A paper for Command and General Staff College
Updating Individual Soldier Weapon Qualification Requirements
Rifle/M4Carbine, M1911A1/M9/.38 Cal)
MAJ ALAN G. TOLER
15, April 2000
This paper will make recommendations for the United States Army Reserve (USAR) marksmanship program. The USAR should utilize the National Rifle Association (NRA) marksmanship programs to cut costs. Marksmanship should be a requirement to re-enlist and to get promoted. Paperwork has become more important than being able to defend oneself with basic marksmanship skills. Would your soldier(s) be proficient enough to perform immediate action on their rifle to inflict a fatal shot before getting wounded or killed? I have heard "once the enemy overruns the front line everybody becomes infantry". Soldiers cannot have good marksmanship skills if they don't practice. The requirement of qualifying once a year is a good idea but is not enough to maintain basic marksmanship skills. Marksmanship has three simple principles to a good shot: sight picture, trigger control, and firearm maintenance. Sight picture is the alignment of the rear and front sights while aiming at the center of the target. Trigger control is the ability to pull the trigger till the shot breaks without disturbing the sight picture. Firearm maintenance is preventative and ongoing in order to maintain a quality firearm. Sight picture and trigger control seem like two very simple tasks but consistent repetition is very difficult. Theoretically if perfect sight picture and trigger control are repeated over and over all shots would go through the same hole. Human, environmental and firearm and ammunition factors affect accurate shooting. For this paper I will address human and environmental factors.
Human factors affecting sight picture: is the soldier focusing on the front sight in order to maintain proper sight picture? Is the soldier to old to focus on the front sight? does the soldier have the same check weld (rifle shooters) to place their eye at the same spot in relation to the rear and front sights? does the sight picture look the same for each shot? Human factors affecting trigger control: is the trigger pulled to the rear till the shot breaks with no trigger jerk? does the soldier grip the firearm the same way in order to have a repeatable trigger pull? Environmental factors experienced on the range: can the soldier shoot accurately in the rain? are they able to adjust for wind effects on their shot? how does mist / fog affect the way things look? are they capable of being in the hot sun for hours and still shoot accurately? are they able to accurately determine distance to the target, and put the correct amount of elevation on the sights? Simple concepts yes, complex task more so. Dry firing is exactly the same as live fire without the use of ammunition. It is very economical, only takes a few minutes, can be done inside a house, and requires no additional personnel or having to be on a range. This repetition is an excellent way to build confidence in marksmanship skills.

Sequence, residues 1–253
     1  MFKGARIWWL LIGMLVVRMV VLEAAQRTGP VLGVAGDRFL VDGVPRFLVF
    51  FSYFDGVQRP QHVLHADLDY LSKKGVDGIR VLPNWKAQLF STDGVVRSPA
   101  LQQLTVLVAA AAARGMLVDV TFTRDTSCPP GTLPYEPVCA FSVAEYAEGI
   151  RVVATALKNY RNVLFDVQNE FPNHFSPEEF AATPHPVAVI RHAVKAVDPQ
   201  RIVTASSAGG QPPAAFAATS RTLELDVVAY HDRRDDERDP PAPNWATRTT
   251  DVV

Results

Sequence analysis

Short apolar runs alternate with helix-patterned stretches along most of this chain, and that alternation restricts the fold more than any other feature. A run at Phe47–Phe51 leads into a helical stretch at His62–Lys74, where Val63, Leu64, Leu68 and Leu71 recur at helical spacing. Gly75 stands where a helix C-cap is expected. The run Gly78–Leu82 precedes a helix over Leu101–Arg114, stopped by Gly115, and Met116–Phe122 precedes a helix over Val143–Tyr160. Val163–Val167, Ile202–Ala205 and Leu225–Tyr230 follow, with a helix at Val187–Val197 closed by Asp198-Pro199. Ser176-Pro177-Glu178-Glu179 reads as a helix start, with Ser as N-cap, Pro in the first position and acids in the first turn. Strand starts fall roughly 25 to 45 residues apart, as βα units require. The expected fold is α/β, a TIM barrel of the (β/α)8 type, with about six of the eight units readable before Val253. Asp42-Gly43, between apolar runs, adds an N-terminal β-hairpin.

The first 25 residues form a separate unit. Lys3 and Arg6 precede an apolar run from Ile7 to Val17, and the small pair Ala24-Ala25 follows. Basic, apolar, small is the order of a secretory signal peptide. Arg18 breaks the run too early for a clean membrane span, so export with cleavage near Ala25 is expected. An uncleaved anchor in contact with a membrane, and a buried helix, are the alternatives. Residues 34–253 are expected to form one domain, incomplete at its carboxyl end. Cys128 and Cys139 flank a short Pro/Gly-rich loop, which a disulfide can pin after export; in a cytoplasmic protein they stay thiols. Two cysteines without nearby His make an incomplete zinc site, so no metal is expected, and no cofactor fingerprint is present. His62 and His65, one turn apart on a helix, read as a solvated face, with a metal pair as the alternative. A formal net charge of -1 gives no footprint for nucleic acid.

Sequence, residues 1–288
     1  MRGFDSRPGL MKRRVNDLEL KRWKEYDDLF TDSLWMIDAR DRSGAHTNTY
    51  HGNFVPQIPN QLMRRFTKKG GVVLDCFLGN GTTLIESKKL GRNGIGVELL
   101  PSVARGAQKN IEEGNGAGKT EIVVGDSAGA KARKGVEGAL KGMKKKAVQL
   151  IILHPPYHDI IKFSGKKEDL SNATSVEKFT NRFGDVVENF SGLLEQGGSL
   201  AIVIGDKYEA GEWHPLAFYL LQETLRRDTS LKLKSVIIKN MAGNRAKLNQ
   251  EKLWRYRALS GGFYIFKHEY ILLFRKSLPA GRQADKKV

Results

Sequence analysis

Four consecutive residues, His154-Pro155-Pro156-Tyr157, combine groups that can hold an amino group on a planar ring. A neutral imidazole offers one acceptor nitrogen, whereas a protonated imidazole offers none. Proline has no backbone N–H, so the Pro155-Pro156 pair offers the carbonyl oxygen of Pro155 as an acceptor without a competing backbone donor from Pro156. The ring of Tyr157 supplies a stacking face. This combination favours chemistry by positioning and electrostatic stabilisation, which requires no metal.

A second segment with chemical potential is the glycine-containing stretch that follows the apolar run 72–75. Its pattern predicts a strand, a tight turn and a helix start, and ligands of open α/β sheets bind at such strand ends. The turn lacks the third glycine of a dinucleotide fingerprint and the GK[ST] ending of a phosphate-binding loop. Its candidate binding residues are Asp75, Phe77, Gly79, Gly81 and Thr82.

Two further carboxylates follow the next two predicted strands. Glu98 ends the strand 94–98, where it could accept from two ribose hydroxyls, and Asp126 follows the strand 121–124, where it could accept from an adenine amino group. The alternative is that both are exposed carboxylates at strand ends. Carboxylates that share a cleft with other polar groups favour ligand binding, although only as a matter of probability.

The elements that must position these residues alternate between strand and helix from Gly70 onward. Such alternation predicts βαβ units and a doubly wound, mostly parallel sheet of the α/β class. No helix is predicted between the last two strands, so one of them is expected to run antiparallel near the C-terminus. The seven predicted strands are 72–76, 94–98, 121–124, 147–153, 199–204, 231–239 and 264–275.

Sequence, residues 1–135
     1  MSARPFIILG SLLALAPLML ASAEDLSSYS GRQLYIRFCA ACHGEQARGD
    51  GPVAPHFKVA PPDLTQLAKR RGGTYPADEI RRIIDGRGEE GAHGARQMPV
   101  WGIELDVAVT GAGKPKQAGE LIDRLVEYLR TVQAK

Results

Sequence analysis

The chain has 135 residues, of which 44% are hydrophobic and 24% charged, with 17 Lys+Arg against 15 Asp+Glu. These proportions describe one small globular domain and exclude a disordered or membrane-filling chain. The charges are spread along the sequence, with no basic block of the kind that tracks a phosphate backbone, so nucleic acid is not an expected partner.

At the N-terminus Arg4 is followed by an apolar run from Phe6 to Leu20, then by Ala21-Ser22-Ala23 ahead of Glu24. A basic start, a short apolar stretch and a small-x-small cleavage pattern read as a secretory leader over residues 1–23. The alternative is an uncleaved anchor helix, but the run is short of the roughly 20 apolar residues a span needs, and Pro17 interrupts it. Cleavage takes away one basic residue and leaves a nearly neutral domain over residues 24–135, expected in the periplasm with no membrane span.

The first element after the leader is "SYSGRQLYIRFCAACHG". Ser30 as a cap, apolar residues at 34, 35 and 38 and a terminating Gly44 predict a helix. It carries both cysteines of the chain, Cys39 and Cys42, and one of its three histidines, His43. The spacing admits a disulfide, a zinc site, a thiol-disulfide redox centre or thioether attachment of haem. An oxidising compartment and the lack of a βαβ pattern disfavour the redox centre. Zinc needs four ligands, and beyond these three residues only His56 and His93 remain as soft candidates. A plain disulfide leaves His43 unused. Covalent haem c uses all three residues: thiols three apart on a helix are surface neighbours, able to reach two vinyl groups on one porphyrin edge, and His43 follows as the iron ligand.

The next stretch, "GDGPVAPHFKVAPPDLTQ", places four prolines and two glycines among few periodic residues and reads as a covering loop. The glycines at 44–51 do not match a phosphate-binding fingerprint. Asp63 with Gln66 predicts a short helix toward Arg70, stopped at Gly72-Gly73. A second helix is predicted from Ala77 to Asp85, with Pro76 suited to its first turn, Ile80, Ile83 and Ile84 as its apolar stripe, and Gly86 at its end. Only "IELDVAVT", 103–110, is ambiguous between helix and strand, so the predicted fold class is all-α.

Typically, DA Pam 350-38 requires 80% of the soldiers who are assigned individual small arms to qualify to standard every year. The logistics required are numerous and very expensive: determining who will fire, range planning, ammunition calculations, requesting qualified trainers, weapons draw, range operation personnel, training aids, medical support, transportation, etc. Each of the above requirements could have volumes written on it and the cost for two eight hour blocks of marksmanship training is outrageous. The USAR should permanently issue soldiers their weapon, deliver an initial class on advanced marksmanship training with applicable range time, unlimited gunsmith support and enough ammunition to compete in rifle, pistol, and practice matches. The soldier would be responsible for their weapon's security, proper maintenance, and showing their firearm when asked. Or another option for those who don't like to give soldiers to much responsibility is to issue the weapon for the weekend. With the armor also being a trained gun smith so higher level maintenance is available.